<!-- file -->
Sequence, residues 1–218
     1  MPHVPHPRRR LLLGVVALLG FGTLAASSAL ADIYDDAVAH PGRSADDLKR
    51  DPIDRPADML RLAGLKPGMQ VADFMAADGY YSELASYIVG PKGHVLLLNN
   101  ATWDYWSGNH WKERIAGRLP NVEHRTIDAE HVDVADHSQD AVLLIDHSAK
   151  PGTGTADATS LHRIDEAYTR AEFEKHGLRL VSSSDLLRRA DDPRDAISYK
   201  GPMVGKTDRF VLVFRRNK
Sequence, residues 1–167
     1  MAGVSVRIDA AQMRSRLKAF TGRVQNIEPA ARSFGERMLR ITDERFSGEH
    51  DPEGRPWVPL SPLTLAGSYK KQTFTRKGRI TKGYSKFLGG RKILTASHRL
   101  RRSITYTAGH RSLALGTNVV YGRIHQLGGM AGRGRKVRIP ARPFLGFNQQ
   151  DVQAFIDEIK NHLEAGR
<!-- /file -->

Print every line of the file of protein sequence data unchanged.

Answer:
Sequence, residues 1–218
     1  MPHVPHPRRR LLLGVVALLG FGTLAASSAL ADIYDDAVAH PGRSADDLKR
    51  DPIDRPADML RLAGLKPGMQ VADFMAADGY YSELASYIVG PKGHVLLLNN
   101  ATWDYWSGNH WKERIAGRLP NVEHRTIDAE HVDVADHSQD AVLLIDHSAK
   151  PGTGTADATS LHRIDEAYTR AEFEKHGLRL VSSSDLLRRA DDPRDAISYK
   201  GPMVGKTDRF VLVFRRNK
Sequence, residues 1–167
     1  MAGVSVRIDA AQMRSRLKAF TGRVQNIEPA ARSFGERMLR ITDERFSGEH
    51  DPEGRPWVPL SPLTLAGSYK KQTFTRKGRI TKGYSKFLGG RKILTASHRL
   101  RRSITYTAGH RSLALGTNVV YGRIHQLGGM AGRGRKVRIP ARPFLGFNQQ
   151  DVQAFIDEIK NHLEAGR